Some readers who have only known Team GB as the Olympic powerhouse of recent years may be astonished to learn that the most gold medals won by Great Britain in the 16 Olympics held between 1924 and 1996 was six. In the last of these – Atlanta – we won just one gold, with legendary rowers Matthew Pinsent and Steve Redgrave victorious in the Men’s Coxless Pair. Since then, we secured 11 golds at Sydney, 9 in Athens, 19 in Beijing, 29 in London, 27 in Rio and 22 in Tokyo.
In the last four Olympics we have finished fourth, third, second and fourth in the medal table and this year we won medals in more sports than any other country. We have had the privilege of watching and enjoying world-class athletes deliver moments we will never forget. Think of Kelly Holmes winning the 800m and 1500m double at Athens or Mo Farah doing the extraordinary 5,000m and 10,000m double in both London and Rio.
When we look at what has driven this success we need to follow the money. In 1996, funding amounted to about £5m a year. In the four-year cycle up to Rio Olympics in 2016, UK Sport spent £274m (and an additional £73m for Paralympic athletes). John Major laid the foundation for this significant increase with the creation of the National Lottery in 1994, Tony Blair continued it (and helped to secure London as the host city for 2012) and now Boris Johnson has pledged to increase the amount spent on the Tokyo Olympics by a further 44% for Paris 2024, meeting the amount requested by UK Sport to help fund 1,200 athletes across more than 50 sports for the next three years.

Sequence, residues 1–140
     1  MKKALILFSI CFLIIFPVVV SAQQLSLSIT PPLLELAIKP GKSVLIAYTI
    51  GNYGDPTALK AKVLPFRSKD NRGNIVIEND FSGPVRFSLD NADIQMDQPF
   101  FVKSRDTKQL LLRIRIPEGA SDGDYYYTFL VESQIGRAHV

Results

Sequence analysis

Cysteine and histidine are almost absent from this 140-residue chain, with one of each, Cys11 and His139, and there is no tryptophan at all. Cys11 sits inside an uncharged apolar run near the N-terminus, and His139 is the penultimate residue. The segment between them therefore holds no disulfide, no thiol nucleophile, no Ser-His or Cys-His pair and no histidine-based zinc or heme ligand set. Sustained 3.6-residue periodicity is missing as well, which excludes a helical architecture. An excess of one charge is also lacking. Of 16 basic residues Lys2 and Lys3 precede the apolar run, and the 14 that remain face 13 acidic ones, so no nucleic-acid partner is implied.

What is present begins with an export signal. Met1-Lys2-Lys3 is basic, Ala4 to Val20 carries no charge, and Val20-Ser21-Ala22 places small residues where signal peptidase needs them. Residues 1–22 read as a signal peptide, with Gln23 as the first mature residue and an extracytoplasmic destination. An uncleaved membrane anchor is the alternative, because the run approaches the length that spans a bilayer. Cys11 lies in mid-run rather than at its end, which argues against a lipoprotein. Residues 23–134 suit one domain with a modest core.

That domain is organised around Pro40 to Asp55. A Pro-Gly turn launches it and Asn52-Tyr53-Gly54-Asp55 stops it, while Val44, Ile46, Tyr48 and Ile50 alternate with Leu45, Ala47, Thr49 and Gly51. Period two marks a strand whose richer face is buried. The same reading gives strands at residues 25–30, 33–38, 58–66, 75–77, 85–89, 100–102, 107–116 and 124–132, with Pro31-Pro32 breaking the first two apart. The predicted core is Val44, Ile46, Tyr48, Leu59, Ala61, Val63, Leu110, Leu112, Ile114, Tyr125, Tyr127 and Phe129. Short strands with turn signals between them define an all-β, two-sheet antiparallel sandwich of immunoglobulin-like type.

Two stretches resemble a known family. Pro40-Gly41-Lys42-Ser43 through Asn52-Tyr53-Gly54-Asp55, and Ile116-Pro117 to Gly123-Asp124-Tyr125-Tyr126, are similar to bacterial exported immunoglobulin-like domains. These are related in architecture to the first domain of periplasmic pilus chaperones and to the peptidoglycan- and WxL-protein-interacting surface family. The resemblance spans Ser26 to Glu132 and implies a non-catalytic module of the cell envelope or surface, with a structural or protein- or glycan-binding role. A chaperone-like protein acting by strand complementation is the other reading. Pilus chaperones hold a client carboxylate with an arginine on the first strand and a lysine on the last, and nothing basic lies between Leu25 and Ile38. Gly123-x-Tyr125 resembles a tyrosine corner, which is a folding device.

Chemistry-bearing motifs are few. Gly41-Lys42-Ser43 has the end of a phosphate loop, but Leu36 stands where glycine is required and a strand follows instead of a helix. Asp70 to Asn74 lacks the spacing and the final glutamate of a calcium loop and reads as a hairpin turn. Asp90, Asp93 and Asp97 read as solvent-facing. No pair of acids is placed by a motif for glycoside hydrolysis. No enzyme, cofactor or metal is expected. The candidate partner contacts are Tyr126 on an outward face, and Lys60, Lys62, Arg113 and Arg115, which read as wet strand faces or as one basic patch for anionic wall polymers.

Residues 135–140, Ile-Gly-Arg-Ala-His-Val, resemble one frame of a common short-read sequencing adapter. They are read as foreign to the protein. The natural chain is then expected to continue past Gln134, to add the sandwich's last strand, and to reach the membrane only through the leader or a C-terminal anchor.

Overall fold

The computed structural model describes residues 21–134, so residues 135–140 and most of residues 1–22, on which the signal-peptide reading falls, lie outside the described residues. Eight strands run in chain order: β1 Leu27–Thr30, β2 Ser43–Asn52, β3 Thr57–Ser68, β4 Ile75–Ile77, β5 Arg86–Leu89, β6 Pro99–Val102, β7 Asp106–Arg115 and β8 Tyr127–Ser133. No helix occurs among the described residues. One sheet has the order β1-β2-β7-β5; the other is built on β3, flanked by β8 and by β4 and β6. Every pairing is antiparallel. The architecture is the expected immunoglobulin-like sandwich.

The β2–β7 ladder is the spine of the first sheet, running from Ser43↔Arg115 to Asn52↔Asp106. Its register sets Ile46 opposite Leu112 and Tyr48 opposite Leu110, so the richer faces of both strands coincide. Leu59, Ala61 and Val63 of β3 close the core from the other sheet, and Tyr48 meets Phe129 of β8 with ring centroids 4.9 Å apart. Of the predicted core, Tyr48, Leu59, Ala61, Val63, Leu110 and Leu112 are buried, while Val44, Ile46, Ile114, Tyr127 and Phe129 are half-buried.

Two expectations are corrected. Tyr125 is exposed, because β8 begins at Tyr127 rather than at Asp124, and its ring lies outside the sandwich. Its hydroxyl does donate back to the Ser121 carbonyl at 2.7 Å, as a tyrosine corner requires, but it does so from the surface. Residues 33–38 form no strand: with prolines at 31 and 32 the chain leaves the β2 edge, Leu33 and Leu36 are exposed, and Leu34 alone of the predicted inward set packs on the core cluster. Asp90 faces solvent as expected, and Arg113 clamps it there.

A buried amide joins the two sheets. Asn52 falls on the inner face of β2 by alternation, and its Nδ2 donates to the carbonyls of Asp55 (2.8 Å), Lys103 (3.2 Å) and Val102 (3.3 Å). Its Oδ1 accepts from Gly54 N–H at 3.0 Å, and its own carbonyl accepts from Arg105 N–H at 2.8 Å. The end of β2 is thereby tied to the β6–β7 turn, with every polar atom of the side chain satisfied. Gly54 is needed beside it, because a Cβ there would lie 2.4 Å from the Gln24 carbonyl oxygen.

Increased funding doesn’t guarantee success – it doesn’t suddenly make someone quicker than Usain Bolt – but it provides the facilities and specialist support needed to give the athletic talent we have the best chance of winning. It also helps more athletes train full-time and for more sports, particularly those with lesser profiles, to be supported.
The question then becomes about whether the level of funding can be justified and the answer is unequivocally yes. The Olympics inspire us to go out for a run or to get on our bike and they show young people from backgrounds just like them – often from inner cities – that with hard work and determination anything is possible. They help to produce role models like Tom Daley, of whom we are particularly proud here in Devon. They are a rare moment when sportsmen and women across Great Britain compete together with the home nation rivalries we enjoy so much in the Six Nations put aside in a similar way to British & Irish Lions tours every four years. Evidence is mixed on whether Olympic success, even as a host nation, gets more people into sport in the long-term, but success breeds success and I have no doubt the staggering achievements of Tokyo will leave yet another Olympic legacy.